We’re fed up with bloodshed in politics, says Fr Mbewe

(By Chambwa Moonga in Kabwe)

A CATHOLIC priest in Kabwe has told Bahati PF member of parliament Harry Kalaba to be an ambassador of peace and to preach about the virtue in his political activities because “we are fed up with bloodshed in the political arena”.

Cathedral of the Sacred Heart of Jesus priest Fr Isaac Tapiwa Mbewe, in welcoming Kalaba in Church yesterday, urged the former foreign affairs minister and 2021 aspiring presidential candidate not to tolerate cadreism.

Fr Mbewe also said Kalaba, who was accompanied by Zambia’s former Ambassador to Egypt, Cecil Holmes, ought not to be intimidated to go and worship wherever he wanted.

“Make sure that you preach peace even to those who follow you. There’s too much blood in the political arena and we pray that this maturity that you have exhibited will continue and we hope that you will better the lives of so many Zambians. Fight for the wellbeing of Zambians. Ichintu chimbi (the other thing), you are free to worship anywhere; you can come to the cathedral or any Catholic Church and there’s no one who can question you ‘why mwachisako (why did you come?),” he said.

“I’m a priest for all and you are my son. So, feel free to come at any time. Continue with the same kind of politics that you are preaching, tatulefwaya ama politics ayakwitana amashina yafinama (we don’t want politics laden with tags of animal names), amashina yansele (insults). Those are old politics of Stone Age, munshita yabena (during the time of) homo habilis. So, be an ambassador of peace; preach peace and we are fed up with bloodshed in the political arena. Enough is enough – we need clean politics.”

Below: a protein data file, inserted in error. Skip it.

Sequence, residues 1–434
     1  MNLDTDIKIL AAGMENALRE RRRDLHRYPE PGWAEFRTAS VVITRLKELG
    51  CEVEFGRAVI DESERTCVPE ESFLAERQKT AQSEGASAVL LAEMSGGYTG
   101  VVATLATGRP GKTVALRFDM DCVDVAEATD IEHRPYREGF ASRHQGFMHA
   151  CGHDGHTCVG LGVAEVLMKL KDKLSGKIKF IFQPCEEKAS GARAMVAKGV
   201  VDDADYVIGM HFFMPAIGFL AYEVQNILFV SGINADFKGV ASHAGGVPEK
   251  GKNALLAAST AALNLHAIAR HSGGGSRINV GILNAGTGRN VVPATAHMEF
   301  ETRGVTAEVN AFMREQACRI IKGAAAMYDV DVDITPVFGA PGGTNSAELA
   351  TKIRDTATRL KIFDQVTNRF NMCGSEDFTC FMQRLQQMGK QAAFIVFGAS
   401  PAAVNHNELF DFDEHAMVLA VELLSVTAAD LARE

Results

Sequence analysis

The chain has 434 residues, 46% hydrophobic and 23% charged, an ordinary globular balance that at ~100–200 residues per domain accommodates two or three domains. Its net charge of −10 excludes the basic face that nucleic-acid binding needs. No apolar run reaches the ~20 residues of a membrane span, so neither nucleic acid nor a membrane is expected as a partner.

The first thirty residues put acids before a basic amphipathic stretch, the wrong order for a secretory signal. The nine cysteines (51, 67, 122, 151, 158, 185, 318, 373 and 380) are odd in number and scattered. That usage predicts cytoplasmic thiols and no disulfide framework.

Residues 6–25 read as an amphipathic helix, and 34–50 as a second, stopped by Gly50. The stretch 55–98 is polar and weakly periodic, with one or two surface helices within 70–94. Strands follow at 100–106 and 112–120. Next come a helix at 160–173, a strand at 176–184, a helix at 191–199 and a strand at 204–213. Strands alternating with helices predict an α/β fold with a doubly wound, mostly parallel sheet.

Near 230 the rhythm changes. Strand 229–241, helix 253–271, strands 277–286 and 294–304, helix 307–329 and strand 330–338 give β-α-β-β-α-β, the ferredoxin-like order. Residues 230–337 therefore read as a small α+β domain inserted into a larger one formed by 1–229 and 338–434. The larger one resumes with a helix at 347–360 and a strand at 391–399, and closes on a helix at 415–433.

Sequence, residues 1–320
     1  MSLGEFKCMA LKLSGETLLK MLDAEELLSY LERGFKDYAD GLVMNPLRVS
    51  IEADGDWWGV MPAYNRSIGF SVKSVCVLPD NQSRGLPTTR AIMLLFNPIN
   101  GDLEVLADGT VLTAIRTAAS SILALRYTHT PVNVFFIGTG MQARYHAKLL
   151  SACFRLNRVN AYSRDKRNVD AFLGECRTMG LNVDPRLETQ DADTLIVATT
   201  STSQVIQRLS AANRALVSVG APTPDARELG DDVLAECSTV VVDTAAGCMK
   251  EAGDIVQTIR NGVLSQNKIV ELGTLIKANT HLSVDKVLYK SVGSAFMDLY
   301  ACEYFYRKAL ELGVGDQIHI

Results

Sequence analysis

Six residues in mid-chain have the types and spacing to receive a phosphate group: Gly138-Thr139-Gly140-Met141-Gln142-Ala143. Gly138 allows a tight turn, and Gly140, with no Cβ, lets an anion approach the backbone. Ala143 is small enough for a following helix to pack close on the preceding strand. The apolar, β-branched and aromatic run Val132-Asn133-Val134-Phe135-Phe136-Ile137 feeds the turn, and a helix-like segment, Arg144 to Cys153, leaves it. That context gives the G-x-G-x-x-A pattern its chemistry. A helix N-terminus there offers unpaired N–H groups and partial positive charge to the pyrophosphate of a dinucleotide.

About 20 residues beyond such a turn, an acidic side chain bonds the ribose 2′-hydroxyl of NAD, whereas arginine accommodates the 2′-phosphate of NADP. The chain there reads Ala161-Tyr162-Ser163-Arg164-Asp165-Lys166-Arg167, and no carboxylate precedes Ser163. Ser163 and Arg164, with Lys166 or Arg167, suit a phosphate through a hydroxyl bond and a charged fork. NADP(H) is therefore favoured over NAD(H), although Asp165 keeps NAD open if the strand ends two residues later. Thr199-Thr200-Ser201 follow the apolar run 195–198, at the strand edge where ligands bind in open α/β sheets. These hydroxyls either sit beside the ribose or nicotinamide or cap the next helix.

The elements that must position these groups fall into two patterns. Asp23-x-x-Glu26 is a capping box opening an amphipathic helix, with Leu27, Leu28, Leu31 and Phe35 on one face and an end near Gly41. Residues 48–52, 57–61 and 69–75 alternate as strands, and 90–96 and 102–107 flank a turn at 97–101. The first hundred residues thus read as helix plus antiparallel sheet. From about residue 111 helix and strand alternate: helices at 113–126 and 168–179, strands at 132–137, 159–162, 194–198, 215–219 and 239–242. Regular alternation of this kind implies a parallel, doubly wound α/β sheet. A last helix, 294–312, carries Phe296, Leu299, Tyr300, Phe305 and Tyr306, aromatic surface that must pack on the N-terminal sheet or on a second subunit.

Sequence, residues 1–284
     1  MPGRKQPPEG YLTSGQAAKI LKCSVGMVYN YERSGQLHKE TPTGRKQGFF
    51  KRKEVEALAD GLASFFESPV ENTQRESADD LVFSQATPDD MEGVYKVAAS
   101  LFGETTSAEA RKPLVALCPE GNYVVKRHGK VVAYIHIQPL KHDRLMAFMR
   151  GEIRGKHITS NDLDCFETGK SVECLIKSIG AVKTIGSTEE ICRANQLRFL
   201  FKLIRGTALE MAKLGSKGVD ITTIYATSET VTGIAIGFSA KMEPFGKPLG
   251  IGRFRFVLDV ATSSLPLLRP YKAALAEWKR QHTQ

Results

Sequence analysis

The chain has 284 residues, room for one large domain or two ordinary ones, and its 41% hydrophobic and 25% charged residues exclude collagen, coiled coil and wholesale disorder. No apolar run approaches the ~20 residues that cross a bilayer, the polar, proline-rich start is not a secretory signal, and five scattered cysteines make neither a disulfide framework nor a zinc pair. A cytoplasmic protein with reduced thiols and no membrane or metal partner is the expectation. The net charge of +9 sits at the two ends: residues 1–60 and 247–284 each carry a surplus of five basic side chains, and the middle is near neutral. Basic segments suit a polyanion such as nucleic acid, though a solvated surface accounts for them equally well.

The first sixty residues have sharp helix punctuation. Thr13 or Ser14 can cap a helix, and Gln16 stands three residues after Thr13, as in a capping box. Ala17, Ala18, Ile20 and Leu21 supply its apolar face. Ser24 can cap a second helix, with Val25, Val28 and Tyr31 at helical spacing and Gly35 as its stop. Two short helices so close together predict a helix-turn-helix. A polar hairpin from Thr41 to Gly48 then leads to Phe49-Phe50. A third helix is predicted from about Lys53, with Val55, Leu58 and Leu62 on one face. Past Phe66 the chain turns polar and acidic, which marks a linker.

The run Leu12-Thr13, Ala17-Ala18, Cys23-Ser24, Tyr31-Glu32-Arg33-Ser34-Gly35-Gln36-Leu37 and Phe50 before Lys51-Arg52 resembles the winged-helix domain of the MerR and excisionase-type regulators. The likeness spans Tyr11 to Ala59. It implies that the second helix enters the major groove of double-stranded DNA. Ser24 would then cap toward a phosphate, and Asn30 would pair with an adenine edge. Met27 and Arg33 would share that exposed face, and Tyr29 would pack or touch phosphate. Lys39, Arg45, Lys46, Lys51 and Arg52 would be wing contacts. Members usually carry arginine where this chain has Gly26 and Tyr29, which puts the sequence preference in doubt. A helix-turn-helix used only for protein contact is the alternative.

The clergyman underscored that Zambians needed to change the narrative of political violence that outsiders were now beginning to believe.

“We need to change the way people look at us…. They (outsiders) know that in order for one to aspire and ascend to the presidency, they should use violence. But that is not right [because] Christ preached peace. I wish you (Kalaba) God’s blessings. Be an ambassador of peace, be a humble and sober politician we’ve known and represent us so well so that 10, 30 years from now, you will look at this privilege that God has given you with eyes of gratitude and eyes of greatness. May God strengthen you from strength to strength,” he said.

And when delivering his homily, Fr Mbewe told congregants to always show love to each other because the trait was unparalleled.

He insisted that love among people made their lives progressive.

“Nga twakwata ichitemwiko tatwakepayane (when we have love, we will not kill one another), nga twakwata ichitemwiko tapali umuntu ukafwa nensala (when we have love, no one will starve), nga twakwata ichitemwiko takwakabe ukweba ati aba bekala ukwa aba bekala ku (when we have love, there will be no one condemned to live in a slum while others privileged to live in an uptown suburb). Naba kwa nabo balefwaika ukukwata ama tar marks (even those living in slums need tarred roads),” preached Fr Mbewe.

“When we love one another, even kids that are unable to go to school, on account of user fees, we will find a way [for them] to go to school. Ichitemwiko echachila fyonse (love conquers all). When we prioritise love, we will not even see who belongs to PF or UPND. We are one despite having divergent issues! Mostly during political campaigns, I fear because politicians divide us. But when all goes wrong, the politicians will flee and leave us trapped in warfare.”

Kalaba later went to Christian Peace Centre Ministries for another service.

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